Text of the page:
Promoted officers are making a wish…

There is a long tradition in many of the armed services called the wetting down. What exactly is a wetting down? Well, there are a lot of different stories about where the tradition comes from. Here is one explanation:

In the old Navy, an officer’s commission was hand-written on heavy parchment. According to some sources, the newly commissioned or promoted officer held a dinner for his shipmates and friends. During the course of the evening, the new commission was rolled into a cone, the small end folded up to form a cup. This paper cup was passed around the table for all the guests to toast the new officer. Thus, the new commission was “wetted down.” Considering the importance of the document, however, this interpretation may be doubtful. (from

Most references I found to the origins of the wetting down did refer to then person that was being promoted getting thrown into some body of water. This doesn’t tend to happen today.

No matter where it originally came from (I just can’t imagine drinking from cup made out of someone’s commissioning certificate!) the tradition of the wetting down remains strong. Today it usually entails the officer (or officers) being promoted hosting a party for their friends, peers and coworkers.

Last year LT Jon Grzyb and a few classmates combined their wetting down and a charity. The group combined their money, rented out a restaurant and invited a few people to come celebrate. The proceeds from the celebration were then donated to the charity.  The event was a success, but it is the hope of this year’s group to make it an even bigger success.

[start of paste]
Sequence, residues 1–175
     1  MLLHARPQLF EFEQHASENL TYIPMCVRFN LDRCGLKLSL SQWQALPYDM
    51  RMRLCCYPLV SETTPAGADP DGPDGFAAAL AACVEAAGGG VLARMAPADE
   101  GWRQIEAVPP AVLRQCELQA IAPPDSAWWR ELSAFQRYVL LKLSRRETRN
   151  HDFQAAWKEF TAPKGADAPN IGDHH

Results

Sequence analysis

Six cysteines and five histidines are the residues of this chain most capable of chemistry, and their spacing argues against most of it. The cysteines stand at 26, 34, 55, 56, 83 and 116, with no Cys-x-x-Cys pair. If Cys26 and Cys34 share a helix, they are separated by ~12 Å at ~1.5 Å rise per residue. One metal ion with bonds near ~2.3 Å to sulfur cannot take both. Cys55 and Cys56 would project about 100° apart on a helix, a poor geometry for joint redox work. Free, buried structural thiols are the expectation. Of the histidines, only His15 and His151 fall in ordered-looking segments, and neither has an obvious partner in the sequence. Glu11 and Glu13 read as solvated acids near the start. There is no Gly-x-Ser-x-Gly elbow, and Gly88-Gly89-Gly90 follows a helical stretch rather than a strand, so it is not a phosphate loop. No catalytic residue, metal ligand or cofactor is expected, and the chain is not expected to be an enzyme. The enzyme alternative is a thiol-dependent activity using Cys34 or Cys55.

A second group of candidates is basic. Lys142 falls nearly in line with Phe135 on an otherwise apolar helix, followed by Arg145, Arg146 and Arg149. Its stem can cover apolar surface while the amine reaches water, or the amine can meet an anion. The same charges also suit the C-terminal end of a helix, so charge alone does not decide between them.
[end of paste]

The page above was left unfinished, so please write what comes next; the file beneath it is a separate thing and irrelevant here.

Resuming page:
In December of 2008, Grzyb was talking to a LT Daniel Flynn about the idea of making a wetting down into a charity event.  They thought that if Flynn started the planning earlier, it could be even more successful.

Plan they did and as of right now, there are 14 officers for the event today. The participating officers are: LCDR Jim Bailey, LCDR Sue Condon, LT Dan Flynn, LT Josh Daubenspeck, LT Jess Kane, LT Amalia Daratsos, LT Ben Stevenson, LT Larry Curran, LT Kristen Curran, LT Karen Hewes, LT John Elkins, LT Yanira Tirado, LT Frank Marcheski,LT Tommy Osborn.

The proceeds from the wetting down will be going to the Make a Wish Foundation. Make A Wish is bringing a child to the event and will be showing a 10 minute video so people can further understand what they do.

I should note here that the officers are choosing to do this of their own volition. There is no regulation or official Coast Guard support for a wetting down, this is something that officers do entirely on their own. There is no formal affiliation between the Coast Guard and the Make a Wish Foundation, though I can tell you that Coast Guard units love to do good things for children.

“Everyone [in the promotion group] really likes this idea because it promotes a time honored tradition, while benefiting the community and maxing out the potential that the combined purchasing power that money can have….” Flynn told me. “With this event, we can have an awesome party while being an example to the community and the people we serve. ”

All decked out and geared to go, a child gets his wish and signals that he is ready for his first rescue mission aboard a Coast Guard helicopter. USCG photo by PA3 Krystyna Johnson

All decked out and geared to go, a child gets his wish and signals that he is ready for his first 'rescue mission' aboard a Coast Guard helicopter. USCG photo by PA3 Krystyna Johnson

The Make a Wish Foundation and their missions are very important to Flynn. He had a very serious medical issue about 2 years ago and ended up in the hospital for a week. That’s when he says he had the “cliché” moment where he realized that life is a gift and should never be taken for granted.

“I saw young kids with diseases and it was heartbreaking.  What Make A Wish does for kids is truly remarkable and a special calling for those people that work tirelessly to make kids dreams come true.” Flynn told me.

The officers participating this year hope that this becomes a new wetting down tradition. It is a fantastic new twist on an old custom and I will admit that I too hope that other officers will pick charities to support with their wetting downs in the future.

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